• Company revenue. High-revenue companies may have greater budget availability for purchases;
  • Industry fit. Leads in industries that align with the business’s target market are more likely to convert;
  • Technographic data. Identifying if a company already uses relevant technologies or tools can indicate their need for the product;
  • Growth rate. Fast-growing companies may have more significant demands and investment capabilities;
  • Funding. Companies that recently secured funding or received investments may have additional resources.

Online Behavior

Using online behavior for lead scoring is an implicit tactic that involves tracking and analyzing the digital interactions across the website and landing pages. This model focuses on actions taken by leads, providing insights into their level of engagement and interest. Examples of attributes for online behavior lead scoring include:

  • Website visits. Number of visits, time spent on the website, and specific pages viewed;
  • Content engagement. Downloads such as whitepapers, eBooks, or case studies;
  • Webinar attendance. Participation in live or on-demand webinars;
  • Form submissions. Filling out contact forms or request forms;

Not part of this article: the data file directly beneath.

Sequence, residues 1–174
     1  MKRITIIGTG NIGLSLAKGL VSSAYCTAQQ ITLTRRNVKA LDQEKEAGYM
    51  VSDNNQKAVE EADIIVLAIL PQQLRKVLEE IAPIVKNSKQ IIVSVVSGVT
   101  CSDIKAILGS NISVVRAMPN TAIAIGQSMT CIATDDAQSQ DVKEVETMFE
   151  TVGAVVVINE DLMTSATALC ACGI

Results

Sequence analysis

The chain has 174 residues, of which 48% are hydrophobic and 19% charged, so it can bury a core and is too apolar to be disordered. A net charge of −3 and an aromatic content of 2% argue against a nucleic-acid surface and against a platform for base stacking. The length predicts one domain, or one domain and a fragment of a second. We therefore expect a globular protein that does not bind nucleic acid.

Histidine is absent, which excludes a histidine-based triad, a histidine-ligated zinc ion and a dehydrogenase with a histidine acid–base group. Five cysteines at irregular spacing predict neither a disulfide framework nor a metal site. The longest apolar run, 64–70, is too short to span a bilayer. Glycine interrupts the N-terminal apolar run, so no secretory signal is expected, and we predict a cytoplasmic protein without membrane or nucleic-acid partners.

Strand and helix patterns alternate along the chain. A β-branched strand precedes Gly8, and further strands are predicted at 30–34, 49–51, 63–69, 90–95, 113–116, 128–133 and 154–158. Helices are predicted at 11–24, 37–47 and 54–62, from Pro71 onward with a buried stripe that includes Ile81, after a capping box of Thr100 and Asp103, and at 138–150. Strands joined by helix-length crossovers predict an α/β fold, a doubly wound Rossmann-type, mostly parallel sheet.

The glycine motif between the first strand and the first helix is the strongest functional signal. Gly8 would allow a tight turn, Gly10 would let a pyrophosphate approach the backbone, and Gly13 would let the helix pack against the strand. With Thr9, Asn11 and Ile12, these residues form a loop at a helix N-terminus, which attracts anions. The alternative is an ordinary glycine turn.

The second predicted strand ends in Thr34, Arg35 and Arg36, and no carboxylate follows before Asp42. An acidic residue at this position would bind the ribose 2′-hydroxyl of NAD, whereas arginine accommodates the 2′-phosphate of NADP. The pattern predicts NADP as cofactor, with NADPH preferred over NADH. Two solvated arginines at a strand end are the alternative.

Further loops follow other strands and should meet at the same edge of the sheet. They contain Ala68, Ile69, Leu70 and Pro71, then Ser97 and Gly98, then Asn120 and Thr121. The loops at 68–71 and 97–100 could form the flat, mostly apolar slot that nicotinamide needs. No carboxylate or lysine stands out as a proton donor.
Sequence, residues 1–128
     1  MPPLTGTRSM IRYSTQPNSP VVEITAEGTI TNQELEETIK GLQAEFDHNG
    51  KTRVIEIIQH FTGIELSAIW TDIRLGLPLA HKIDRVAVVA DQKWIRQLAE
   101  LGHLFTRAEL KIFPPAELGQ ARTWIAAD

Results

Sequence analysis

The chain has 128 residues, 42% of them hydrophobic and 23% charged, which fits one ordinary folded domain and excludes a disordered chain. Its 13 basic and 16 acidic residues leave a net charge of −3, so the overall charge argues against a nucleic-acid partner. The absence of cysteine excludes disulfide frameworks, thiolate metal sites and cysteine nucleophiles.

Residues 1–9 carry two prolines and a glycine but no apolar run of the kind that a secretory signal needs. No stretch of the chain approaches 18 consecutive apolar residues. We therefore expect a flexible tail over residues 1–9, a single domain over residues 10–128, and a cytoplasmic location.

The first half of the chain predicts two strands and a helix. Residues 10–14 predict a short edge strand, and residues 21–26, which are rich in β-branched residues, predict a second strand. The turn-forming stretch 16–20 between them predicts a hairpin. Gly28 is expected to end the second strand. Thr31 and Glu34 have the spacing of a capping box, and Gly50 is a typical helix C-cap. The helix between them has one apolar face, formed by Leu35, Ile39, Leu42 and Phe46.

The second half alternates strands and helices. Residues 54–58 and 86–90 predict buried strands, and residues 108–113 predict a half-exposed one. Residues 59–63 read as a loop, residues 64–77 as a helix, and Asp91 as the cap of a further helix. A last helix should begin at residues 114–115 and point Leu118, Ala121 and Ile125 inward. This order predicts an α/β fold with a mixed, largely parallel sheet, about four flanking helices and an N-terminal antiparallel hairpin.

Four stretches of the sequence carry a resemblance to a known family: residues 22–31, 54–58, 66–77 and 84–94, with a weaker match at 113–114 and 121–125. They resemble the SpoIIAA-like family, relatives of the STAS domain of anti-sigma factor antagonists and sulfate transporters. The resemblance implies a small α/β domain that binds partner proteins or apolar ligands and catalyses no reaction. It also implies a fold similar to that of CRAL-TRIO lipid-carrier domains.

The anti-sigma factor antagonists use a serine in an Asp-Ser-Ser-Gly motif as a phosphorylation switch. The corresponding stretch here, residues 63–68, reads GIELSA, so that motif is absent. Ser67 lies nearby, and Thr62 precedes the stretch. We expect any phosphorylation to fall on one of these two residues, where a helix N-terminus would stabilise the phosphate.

• Search queries. Keywords or topics searched on the website.

Email Engagement

Lead scoring based on email engagement involves assessing how leads interact with marketing emails. Factors such as opens, clicks, and responses are critical to assign lead scores. Examples of attributes for email engagement lead scoring include:

  • Email open rate. Tracking the frequency and consistency of a lead opening marketing emails; 
  • Click-through rates. Measuring the percentage of leads who click on links within emails; 
  • Conversion actions. Tracking specific actions taken, such as filling out a form or making a purchase, after clicking an email link; 
  • Unsubscribe rates. Monitoring leads who opt out of email communications; 
  • Email responses. Tracking leads who reply to emails or express direct interest.

Social Engagement

Scoring based on social media engagement is a great tactic to measure the stickiness and virality of your content. It involves evaluating a lead’s interactions and engagement on social media platforms, such as likes, comments, shares, and mentions. Higher the engagement, the higher the score. Examples of attributes for social engagement lead scoring include:

  • Likes and shares. Tracking the number of likes and shares of a company’s social media posts; 
  • Comments and replies. Assessing the engagement level through comments or reactions to posts; 
  • Mentions and tags. Monitoring when a lead mentions or tags the company on social media;
  • Follower count. Evaluating the number of followers a lead has, indicating their potential reach and influence.

Spam Detection